Once every four years, most of the planet turns its attention to the soccer pitch for an unrivaled sporting pageant: the World Cup. And while Motley Fool co-founder David Gardner is not a superfan when it comes to futbol, he's a lover of sport in general, so it should come as little surprise that he, like billions of people around the globe, has his mind on the competition. But, at the Fool, our ongoing competition is to help you beat the market, so whatever he's doing, he's liable at some point to try to imagine it through an investor's lens.
In this segment, he considers the nature of sports and investing in a universe where our information is always incomplete. In other words, there's stuff you don't know, and it's going to lead to surprising outcomes. Underdogs will escape defeat. Seemingly well-run companies will be hiding fraud and corruption. Long-shot bets will be on the money, and pay off huge. But if you don't know what you don't know, how can you adjust your strategy to compensate? Gardner explains.
A full transcript follows the video.
This video was recorded on June 20, 2018.
David Gardner: Observation No. 5: there are surprises in the World Cup. That's part of the reason a lot of sports fans enjoy sports. I don't think it's just an American phenomenon, I suspect it's a global phenomenon, but since I've spent most of my time in this country, I know that in America, we love to root for the underdog. Again, I bet we're not the only ones who are this way.
It seems like, when Iceland is going to be facing off against Argentina -- as happened some days ago -- and Iceland had literally never been in the World Cup before, and Argentina has won some of them and was in the finals of the last one in 2014, how much fun is it to think that a country, a nation of 300,000 -- which is the population of Iceland today, about two-thirds of them just living in the capital city, living in the greater Reykjavik area -- 300,000 people, and their soccer team in there for their first World Cup, and they tied! This is not a spoiler, this happened a few days ago, so you should already know. They tied Argentina! That's a remarkable surprise. I'm not a sports betting man particularly, so I don't know what the odds of that were, but I suspect those were long odds and a big surprise.
Now, how does that apply specifically to invest in? Well, it can cut both ways. You can have good surprises and bad surprises. Briefly, let's start bad first. You should always be prepared to hear that something's gone wrong with one of your companies. We're all human, there are lots of errors. Sometimes, it might be some bad thing that's happened out there in one of the company's stores, and the CEO didn't even know about it. Sometimes, there's corruption in the office of the chief executive. All of these things have happened in business past to public companies. I've owned some of those stocks, too. I owned some Enron in one of my kid's portfolios at the time. That investment didn't do very well. We should always be prepared to be surprised badly by something that might happen with one of our companies.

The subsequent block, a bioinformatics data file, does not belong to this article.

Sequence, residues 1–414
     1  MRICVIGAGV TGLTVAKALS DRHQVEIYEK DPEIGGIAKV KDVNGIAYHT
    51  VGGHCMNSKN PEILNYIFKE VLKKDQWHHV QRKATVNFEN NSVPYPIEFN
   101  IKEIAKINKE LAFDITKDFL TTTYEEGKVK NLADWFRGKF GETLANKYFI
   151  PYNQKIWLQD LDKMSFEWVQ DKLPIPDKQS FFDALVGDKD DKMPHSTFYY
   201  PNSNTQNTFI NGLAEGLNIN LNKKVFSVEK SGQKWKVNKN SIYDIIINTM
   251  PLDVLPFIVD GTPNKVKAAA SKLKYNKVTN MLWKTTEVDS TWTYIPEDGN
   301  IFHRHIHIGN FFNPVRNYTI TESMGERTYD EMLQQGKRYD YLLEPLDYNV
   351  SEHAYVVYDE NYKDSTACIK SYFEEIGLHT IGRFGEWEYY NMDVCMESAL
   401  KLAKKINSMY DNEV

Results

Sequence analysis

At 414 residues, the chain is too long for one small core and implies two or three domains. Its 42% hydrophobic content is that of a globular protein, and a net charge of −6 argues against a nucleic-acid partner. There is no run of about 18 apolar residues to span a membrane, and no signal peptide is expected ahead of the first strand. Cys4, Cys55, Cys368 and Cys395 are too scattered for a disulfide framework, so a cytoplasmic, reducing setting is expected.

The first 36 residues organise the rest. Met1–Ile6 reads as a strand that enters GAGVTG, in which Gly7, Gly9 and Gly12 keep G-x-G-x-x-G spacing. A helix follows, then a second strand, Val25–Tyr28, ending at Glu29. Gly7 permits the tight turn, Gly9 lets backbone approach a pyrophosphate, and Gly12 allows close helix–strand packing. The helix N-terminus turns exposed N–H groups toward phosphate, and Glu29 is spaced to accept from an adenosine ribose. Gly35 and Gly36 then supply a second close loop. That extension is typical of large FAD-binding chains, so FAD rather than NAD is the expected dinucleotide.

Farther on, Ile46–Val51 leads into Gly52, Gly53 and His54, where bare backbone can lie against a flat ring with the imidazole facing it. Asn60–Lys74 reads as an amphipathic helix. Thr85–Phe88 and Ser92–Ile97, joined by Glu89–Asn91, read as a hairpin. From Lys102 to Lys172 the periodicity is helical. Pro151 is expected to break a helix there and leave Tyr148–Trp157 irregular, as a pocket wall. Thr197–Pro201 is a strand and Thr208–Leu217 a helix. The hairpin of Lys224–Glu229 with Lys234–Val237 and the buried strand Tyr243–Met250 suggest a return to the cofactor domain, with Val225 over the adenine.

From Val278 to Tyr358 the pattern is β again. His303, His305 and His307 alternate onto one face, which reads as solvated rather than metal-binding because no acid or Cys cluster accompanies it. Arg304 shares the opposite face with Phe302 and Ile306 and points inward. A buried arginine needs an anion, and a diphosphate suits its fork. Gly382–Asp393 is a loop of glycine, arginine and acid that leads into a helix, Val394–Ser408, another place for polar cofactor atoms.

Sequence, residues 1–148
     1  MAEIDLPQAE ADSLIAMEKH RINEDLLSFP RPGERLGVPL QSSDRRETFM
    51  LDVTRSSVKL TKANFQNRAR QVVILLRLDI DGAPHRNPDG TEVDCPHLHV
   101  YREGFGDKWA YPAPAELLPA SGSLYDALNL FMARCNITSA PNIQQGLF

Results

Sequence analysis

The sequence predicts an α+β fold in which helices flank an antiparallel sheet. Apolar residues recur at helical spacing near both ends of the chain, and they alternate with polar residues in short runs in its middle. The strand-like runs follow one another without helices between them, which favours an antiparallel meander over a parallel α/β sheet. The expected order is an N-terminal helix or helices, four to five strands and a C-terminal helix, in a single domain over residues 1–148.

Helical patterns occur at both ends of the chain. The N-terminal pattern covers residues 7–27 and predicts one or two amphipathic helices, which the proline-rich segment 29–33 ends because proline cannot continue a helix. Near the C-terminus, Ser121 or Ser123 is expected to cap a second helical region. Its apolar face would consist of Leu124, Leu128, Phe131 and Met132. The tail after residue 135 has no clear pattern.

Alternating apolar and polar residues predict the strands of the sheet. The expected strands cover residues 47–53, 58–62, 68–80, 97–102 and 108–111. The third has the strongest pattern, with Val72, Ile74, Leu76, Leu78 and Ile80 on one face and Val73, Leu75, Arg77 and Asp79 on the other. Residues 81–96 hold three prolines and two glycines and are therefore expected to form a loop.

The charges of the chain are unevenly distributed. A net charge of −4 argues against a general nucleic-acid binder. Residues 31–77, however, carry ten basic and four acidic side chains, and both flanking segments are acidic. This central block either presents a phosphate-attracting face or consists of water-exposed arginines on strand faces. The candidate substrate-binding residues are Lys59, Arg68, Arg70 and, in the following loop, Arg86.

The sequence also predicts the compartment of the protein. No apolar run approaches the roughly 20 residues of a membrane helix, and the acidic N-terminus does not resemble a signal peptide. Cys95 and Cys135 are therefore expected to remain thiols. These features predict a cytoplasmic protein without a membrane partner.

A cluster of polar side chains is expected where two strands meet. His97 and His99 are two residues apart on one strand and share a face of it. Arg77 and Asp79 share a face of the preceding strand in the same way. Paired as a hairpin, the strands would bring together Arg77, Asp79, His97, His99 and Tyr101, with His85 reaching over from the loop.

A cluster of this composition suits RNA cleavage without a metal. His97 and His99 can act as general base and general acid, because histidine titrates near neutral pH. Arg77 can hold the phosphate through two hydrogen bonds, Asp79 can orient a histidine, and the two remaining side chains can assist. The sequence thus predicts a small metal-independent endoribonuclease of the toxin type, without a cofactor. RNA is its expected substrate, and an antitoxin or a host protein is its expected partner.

So, of course, don't load up too much on any one thing. That's why we spread our bets. You can certainly overweight yourself, or allow great stocks, like some of the ones we're talking about this week, to become outsized portions of your portfolio. But just realize that there could be really bad news announced tomorrow. That's why we at The Motley Fool suggest you should not be on margin over-borrowing and loading up more than you have into the stock market, and you shouldn't be loading too much on any one stock, because bad surprises -- Argentina, Don't Cry For Me, Argentina -- bad surprises -- Leo Messi -- can happen. They will and do. The World Cup puts it on display for the whole world to see. And it's good for the world to be reminded that surprises happen.
Surprises can be fun, too. Some of the best surprises I've ever gotten come from stocks that have way outperformed my expectations. When we initially purchased amazon.com, when it was Earth's biggest bookseller, we certainly could not have foreseen all of the product categories Amazon would eventually enter. We didn't even know what a cloud was back then -- Amazon Web Services. We couldn't have imagined that there would be something called Amazon Prime, or that it would give you access, for free, to lots of stuff like videos that Amazon is paying to make part of its service for Amazon Prime members, or maybe get discounts at Whole Foods.
I assure you, in 1997, when we bought amazon.com at $3.21, we did not imagine any of that could happen. And yet, all of that has happened and more, and the stock has so far exceeded any expectations any of us could have had that all I can say is, no one was a genius to call it, but you and I could be geniuses just to buy it and to add to it and to hold it, and out-hold Wall Street trading in and out of these kinds of companies. You and I can hold them over the course of our lives and do wonderfully. So, positive surprises, too. Surprise. It's there in the World Cup, you have to love it.
John Mackey, CEO of Whole Foods Market, an Amazon subsidiary, is a member of The Motley Fool's board of directors. David Gardner owns shares of Amazon. The Motley Fool owns shares of and recommends Amazon. The Motley Fool has a disclosure policy.